• Large batch sizes: The result of all these painful experiences is that software teams avoid deployments until they are necessary. Consequently, more and more features are included in each deployment. The upshot of this is that deployments affect larger sections of a system and have a larger chance of unexpected problems. As time goes on, deployments become less and less frequent because of these unexpected problems. This just creates a bigger issue – a negative feedback loop that simply amplifies the pain of deployments.

This all sounds laborious, but can it be changed? The answer is the “First way of DevOps – the principles of flow”.

It may seem optimistic, but by automating the software build and deployment process, a team can truly begin to move quicker, reducing the number of catastrophic errors in their applications and increase the availability of their systems. This can be achieved in the following ways:

  • Automate testing: If developers begin to take personal responsibility for ensuring their code is correct, they begin to write their own tests which they include in their automated build pipelines. They no longer solely rely on the work of dedicated testers. When this happens, bugs and other errors are discovered and fixed sooner.
  • Practise automated deployments: With the advent of tools such as Jenkins, CircleCI, Travis and others, it has become very possible to rebuild and redeploy our applications more and more often. No longer are developers beholden to operations teams to deploy new code to testing environments. This allows quick and immediate feedback from a version of the application if anything is wrong. While there is still re-work required, it is achieved at a much quicker pace with smaller amounts of code.
  • Enable and architect for low-risk releases: As developers embrace more and more automation, the team at large can deploy code to production more often. Additionally, since the code has been extensively tested at every point, there is much less risk involved in releasing the code to production.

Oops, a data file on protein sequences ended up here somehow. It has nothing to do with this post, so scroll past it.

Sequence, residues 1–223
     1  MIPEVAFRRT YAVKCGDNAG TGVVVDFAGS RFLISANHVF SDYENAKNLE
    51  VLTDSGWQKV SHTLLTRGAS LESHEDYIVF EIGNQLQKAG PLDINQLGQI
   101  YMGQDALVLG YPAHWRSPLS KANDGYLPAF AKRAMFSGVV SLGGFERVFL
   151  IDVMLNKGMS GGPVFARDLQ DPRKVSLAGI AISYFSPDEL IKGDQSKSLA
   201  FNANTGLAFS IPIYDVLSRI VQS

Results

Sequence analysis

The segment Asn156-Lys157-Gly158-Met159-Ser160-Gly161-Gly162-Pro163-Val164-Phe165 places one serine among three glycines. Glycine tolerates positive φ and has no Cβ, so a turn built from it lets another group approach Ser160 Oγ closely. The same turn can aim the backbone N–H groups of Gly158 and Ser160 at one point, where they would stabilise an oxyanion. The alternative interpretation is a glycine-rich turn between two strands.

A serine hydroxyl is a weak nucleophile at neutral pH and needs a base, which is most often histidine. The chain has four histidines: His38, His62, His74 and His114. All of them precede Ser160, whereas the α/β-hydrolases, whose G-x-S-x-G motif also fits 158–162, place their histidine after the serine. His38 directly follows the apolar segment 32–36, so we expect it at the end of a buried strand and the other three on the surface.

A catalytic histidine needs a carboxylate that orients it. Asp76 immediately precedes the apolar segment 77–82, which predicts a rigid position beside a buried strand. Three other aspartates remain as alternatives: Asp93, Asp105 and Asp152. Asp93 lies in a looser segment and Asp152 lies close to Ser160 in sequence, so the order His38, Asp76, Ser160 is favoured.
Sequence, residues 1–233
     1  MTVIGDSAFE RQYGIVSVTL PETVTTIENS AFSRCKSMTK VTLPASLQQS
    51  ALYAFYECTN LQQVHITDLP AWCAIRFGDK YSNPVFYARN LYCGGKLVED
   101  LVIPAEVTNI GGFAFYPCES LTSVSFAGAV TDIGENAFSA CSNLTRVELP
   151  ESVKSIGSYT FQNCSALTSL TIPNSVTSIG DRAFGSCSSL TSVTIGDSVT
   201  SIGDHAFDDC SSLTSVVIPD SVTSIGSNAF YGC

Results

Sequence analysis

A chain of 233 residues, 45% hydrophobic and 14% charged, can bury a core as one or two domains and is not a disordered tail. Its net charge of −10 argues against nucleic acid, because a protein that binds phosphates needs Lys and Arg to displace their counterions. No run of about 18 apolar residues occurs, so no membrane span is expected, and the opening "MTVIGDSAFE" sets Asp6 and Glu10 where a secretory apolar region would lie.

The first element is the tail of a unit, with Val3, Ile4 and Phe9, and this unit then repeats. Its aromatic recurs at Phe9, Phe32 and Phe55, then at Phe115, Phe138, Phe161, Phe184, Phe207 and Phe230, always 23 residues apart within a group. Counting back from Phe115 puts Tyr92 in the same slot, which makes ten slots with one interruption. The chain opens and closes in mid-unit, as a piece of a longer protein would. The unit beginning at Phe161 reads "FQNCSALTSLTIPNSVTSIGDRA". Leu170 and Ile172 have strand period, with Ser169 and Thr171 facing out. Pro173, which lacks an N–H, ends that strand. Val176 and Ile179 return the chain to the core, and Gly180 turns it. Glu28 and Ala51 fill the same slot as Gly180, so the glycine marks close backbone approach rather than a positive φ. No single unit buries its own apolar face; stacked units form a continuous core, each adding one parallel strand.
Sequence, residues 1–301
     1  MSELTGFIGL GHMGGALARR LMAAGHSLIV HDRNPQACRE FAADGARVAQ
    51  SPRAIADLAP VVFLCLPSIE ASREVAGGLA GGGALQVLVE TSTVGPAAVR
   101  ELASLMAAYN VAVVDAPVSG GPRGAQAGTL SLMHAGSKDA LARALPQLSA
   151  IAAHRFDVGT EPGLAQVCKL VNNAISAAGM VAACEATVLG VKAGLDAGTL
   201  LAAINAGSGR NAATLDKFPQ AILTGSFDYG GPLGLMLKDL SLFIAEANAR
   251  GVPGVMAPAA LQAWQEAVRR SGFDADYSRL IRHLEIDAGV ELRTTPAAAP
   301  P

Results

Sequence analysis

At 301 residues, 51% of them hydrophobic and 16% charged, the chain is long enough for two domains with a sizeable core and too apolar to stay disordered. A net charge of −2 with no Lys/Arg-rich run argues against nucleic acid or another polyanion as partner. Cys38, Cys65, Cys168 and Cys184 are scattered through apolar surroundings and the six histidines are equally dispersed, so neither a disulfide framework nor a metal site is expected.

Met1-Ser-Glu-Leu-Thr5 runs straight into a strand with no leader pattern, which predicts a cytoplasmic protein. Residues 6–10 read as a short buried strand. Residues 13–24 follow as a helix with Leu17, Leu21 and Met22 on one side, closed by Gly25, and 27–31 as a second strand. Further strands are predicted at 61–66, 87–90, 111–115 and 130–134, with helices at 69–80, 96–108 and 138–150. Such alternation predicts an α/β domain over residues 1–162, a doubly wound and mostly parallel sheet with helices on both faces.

When the above is achieved, then the features, fixes and new applications will flow to customers and users with much less resistance and much less pain. This can be attributed to two key reasons. Firstly, the rigorous, automated testing guarantees that the code is not broken. Secondly – and more significantly – the deployment process has been run so many times that the entire team understands how it works. This allows the team to identify and resolve any (unlikely) problems.

At the time of writing, South Africa is once again struggling with a period of load-shedding and blackouts caused by a lack of maintenance of old, legacy systems. It is infuriating when fixes, repairs and updates take longer than expected.

Yet, we forget that we create the exact same experience for the users of our systems. We ignore our bottlenecks and create large batches of work and our systems become brittle and difficult to fix. Our systems are – often – as sensitive and fragile as the power grid in South Africa.

If we – the entire software development community – embrace the first way of DevOps, changes and updates to our system will no longer be fraught with danger. With the power of continuous builds, testing and deployments, teams can be confident that their systems can easily be updated and fixed.

Jonty Sidney

Senior cloud and DevOps engineer at Synthesis
Jonty Sidney is a senior cloud and DevOps engineer at Synthesis with five Amazon Web Services certifications, including certified DevOps Professional. Over the last four years, he has built complex cloud environments for highly regulated financial and retail customers. He believes DevOps practices and principles have huge potential for delivering value to customers and creating greater efficiencies, as well as high morale in teams that are constantly innovating and pushing the technical envelope.

Login with